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Given that Hillary Clinton won the popular vote last November by nearly 3 million, I feel safe in saying that I stand with the majority of the country in trepidation over Trump’s inauguration tomorrow.  We don’t want this. We don’t deserve this.  This shouldn’t be happening.

I look on in horror as the Republicans work to strip away a health care system that got me medical attention that I sorely needed and shudder to think how friends who have worse health will get by.  Ethics were never Trump’s strong suit and already the GOP have made an effort to reduce ethical oversight in Washington.  I can easily imagine the Republican-led Executive and Legislative branches working to dismantle the EPA, the Department of Education, and worker protections and rights overseen by the Department of Labor.  Goodbye, any effort to protect the environment. Today it was made known that Trump intends to cut the National Endowment for the Arts. Foreign affairs don’t look much better as Trump has already been all too willing to shoot his mouth off about military efforts, both on-going and non-existent, and made international faux pas in an effort to aggrandize himself at the cost of decades of carefully crafted American statesmanship.  Every day news headlines from the incoming administration have sent chills through me.

This is, of course, to say nothing of Trump’s horrifying comments about women, Mexicans, black people, the disabled, Muslims, etc, and how they’ve emboldened white supremacists, re-branded as “alt-right,” and even put the KKK back in the news.

Talking with friends, all I can say is that I genuinely don’t know what is going to happen.

But I will march against this, because it shouldn’t have happened.  Slim margins in several states tipped the electoral college his way.  How could that happen unless the electoral college is inherently unfair.  In less populated states a single vote carries more weight than in a heavily populated state.  How can that be possible in a so-called democratic country?  And for the $10million question: How can this have happened twice in the last 16 years?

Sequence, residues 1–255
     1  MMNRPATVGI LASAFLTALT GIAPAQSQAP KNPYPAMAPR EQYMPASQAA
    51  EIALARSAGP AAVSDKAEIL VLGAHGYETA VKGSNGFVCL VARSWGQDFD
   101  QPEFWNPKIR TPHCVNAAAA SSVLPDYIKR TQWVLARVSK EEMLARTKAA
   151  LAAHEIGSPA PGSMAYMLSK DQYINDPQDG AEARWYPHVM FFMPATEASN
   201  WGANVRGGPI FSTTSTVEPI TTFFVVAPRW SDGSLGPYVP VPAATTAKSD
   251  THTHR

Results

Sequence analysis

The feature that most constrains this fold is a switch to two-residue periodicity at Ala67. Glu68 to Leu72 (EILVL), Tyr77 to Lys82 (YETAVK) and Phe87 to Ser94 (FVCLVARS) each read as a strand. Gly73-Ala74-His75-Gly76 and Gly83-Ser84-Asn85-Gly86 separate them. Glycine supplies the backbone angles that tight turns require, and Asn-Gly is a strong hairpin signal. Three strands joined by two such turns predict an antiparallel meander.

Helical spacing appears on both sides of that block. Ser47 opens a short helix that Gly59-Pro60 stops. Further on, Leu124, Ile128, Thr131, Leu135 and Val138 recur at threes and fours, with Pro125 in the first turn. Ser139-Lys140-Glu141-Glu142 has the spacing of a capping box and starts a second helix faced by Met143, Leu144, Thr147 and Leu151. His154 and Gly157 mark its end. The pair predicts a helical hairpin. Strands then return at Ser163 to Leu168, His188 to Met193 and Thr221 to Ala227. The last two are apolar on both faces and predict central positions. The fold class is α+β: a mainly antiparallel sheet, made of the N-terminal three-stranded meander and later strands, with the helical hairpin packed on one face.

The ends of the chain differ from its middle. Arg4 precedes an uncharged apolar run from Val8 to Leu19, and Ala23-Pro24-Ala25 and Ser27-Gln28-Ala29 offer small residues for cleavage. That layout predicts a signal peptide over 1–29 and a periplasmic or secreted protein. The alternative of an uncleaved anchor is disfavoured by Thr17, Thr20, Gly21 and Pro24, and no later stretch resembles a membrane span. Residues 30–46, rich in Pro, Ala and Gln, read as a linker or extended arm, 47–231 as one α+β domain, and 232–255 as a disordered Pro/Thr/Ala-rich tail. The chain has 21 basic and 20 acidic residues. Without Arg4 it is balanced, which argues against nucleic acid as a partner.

I will march against this abrogation of democracy because our Declaration of Independence notes that government power comes from consent of the governed.  And we did not consent to this.

I’ve been asked why even bother when demonstrating doesn’t do anything.  I guess many people are too removed from having to take persistent action to effect change in their country.  No, protests aren’t direct action.  Direct action is getting right in the way of business as usual and forcing it to deal with you – blocking entry to government buildings, laying down in the road so buses returning undocumented immigrants to Mexico can’t move, etc.  The protests that strive to avoid breaking laws are indirect action.  They’re about solidarity and about being heard.  Anyone who has ever watched their silence get mistaken for agreement knows the value of speaking up, being visible.

The point of protesting is to protest.  So you don’t stew in your own home, so you don’t despair that you might be the only who feels like you do, so your community is forced to recognize where you stand.

And with any luck it bolsters those in the halls of power who might present an opposition to the forces being protested.  Call it a political gambit, or maybe a drive to be popular with the protesters, but gaining political support is no small matter.  I can only imagine right now what it feels like to be a liberal Representative, surrounded by Republican Congressmen who now have a good shot at realizing their dreams of squeezing government services until they pop. How intimidating it must feel.  Perhaps millions of people around the country taking to the streets will bolster their will to oppose and counter Republicans.

For people who still want protesting to have utility beyond speaking out in public, the Civil Rights hero and Congressman John Lewis says, “Get in trouble, good trouble, necessary trouble.”

Stepping out, raising your voice, being visible, is a challenge to the status quo.  It attracts attention.  It attracts trouble. The powers that be would prefer if their power and authority were never challenged; they like to behave as if your silence equals agreement.  I will not let them be mistaken as to where I stand.

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